Blake Stachel

Blake Stachel

Uhh... Follow your dreams?


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  • The Devil All the Time

    The Devil All the Time

    ★★½

    Some of the themes and concepts I found to be
    compelling: violence begetting violence; eternal recurrence; the fatalistic structure of the plot; and the powerlessness of being a slave to some divine blueprint. The film tries so hard to replicate the magic of Miller’s Crossing and the Coen formula. Ironically, it probably would’ve worked better if it had been more like its inspirations and doubled as an absurdist comedy. Its nihilistic tone felt flat without any semblance of dry humor to augment the violence.

  • Zama

    Zama

    ★★★★★

    The first time I saw Zama was part of a “Women in Cinema” class for my undergrad, and I admittedly  fell asleep. The second time I made it 45 minutes in and then gave up because I couldn’t figure out what it was trying to do. The third time I got a bit further along, thought I understood it, and ultimately abandoned it because of my obstinance. All the while, I knew that it was something to marvel at and…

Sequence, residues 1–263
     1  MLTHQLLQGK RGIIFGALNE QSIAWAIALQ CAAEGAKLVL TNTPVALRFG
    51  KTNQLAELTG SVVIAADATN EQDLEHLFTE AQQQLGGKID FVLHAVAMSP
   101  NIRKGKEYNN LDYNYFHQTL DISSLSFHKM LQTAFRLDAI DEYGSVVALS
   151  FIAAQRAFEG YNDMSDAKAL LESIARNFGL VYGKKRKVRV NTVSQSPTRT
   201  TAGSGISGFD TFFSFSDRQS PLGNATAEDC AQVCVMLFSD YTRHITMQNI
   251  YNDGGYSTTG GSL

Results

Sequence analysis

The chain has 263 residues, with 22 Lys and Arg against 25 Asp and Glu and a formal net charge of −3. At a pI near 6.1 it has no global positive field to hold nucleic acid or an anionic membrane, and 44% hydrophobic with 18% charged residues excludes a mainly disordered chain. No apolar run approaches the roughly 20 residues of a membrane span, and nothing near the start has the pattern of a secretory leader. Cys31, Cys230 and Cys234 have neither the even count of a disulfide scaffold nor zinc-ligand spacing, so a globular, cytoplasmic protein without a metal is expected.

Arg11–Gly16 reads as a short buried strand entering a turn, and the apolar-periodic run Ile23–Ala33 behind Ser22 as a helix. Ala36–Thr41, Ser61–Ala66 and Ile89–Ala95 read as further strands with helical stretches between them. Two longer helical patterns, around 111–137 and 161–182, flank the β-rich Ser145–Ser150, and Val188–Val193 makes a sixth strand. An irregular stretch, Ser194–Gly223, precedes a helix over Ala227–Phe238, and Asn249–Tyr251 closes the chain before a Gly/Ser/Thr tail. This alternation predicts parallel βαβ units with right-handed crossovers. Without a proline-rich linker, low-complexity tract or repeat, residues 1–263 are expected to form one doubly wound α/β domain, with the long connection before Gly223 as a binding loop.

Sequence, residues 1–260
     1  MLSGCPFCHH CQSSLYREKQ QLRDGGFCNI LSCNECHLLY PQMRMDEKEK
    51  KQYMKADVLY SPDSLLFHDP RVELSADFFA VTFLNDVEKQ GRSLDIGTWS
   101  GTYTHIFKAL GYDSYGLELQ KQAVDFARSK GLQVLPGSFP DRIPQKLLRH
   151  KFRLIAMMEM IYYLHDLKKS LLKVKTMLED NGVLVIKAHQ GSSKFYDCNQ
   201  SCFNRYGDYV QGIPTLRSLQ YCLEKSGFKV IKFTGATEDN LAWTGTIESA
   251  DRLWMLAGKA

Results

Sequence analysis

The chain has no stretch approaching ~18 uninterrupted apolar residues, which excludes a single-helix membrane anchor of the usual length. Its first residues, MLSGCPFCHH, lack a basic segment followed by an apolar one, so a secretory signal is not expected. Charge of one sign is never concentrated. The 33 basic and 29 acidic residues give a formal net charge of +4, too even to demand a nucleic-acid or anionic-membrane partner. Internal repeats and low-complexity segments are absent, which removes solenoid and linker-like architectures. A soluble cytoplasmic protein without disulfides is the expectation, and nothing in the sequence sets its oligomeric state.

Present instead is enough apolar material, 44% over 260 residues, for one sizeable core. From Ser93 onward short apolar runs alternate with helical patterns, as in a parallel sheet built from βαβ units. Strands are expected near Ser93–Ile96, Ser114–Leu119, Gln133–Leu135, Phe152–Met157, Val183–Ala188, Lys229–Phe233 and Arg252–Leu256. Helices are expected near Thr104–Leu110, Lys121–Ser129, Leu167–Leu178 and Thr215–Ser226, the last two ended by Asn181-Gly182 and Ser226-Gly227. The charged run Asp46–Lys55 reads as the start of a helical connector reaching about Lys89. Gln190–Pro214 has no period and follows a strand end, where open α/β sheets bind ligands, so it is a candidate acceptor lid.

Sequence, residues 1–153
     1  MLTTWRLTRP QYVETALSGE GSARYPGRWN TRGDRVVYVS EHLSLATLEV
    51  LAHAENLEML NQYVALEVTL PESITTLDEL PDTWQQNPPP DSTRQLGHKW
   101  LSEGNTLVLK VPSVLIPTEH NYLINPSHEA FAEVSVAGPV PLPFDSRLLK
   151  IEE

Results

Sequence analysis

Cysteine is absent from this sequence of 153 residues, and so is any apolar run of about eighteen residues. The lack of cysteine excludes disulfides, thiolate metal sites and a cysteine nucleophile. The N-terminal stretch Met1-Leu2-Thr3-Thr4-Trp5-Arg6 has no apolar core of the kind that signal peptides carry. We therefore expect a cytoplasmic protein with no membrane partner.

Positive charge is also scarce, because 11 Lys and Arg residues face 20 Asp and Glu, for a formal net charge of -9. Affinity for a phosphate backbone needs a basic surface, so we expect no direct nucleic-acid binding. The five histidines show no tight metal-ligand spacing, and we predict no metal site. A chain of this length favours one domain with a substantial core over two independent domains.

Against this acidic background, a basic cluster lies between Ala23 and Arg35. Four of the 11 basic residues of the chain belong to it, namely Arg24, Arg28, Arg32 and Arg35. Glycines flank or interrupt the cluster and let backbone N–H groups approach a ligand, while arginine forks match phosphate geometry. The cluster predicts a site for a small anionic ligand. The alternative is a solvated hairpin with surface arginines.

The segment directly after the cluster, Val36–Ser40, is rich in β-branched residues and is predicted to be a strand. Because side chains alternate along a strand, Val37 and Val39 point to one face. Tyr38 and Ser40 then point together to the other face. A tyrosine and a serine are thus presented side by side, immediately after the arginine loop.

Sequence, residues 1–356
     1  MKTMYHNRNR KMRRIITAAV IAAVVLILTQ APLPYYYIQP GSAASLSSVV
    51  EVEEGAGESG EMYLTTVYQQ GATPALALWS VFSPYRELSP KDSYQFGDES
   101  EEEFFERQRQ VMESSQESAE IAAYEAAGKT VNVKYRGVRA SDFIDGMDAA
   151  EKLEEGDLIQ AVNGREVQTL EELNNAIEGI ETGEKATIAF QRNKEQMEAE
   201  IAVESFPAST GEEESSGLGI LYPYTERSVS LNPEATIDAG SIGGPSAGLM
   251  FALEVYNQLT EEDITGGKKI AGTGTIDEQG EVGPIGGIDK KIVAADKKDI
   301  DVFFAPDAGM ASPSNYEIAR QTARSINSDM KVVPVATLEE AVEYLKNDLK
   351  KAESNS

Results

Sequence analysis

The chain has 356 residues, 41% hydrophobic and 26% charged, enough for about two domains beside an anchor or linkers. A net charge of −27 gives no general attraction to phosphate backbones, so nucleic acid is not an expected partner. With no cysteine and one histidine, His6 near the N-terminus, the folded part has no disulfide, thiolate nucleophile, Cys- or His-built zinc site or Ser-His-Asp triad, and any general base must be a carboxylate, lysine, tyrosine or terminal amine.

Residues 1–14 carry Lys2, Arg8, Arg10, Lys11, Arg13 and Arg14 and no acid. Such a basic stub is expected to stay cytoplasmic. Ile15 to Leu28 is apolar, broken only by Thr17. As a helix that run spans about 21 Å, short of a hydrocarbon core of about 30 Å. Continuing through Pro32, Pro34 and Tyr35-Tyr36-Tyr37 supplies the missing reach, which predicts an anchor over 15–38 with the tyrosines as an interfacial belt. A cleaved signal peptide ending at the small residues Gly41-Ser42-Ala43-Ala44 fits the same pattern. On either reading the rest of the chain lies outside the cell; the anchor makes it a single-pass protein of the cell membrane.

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  • Double Indemnity

    Double Indemnity

    ★★★★★

    This review may contain spoilers. I can handle the truth.

    You know a film is good when throughout the entire runtime that slight, almost catatonic smile never leaves your face. All you can do is sit there reveling in the drama and soaking up the images, as if they were being melted onto the screen. There’s so much atmosphere in the first few frames of Billy Wilders’ 1944 noxious noire classic, that you immediately become engrossed in the momentum of the film; and so that by the time the plot…

  • The Party

    The Party

    ★★★½

    I usually love this kind of film; the kind of film where characters talk and they talk well. It’s the kind of film where the characters are flawed and actually pretty terrible people, though they somehow, through their authenticity and complexity, become likable, in spite of their corrosive hypocrisy. 


    Similar in some ways to Polanski’s Carnage, the contained narrative allows each moment to seem  important. Unfortunately, unlike Carnage, Sally Potter’s black and white, one room theatre piece doesn’t quite have the same…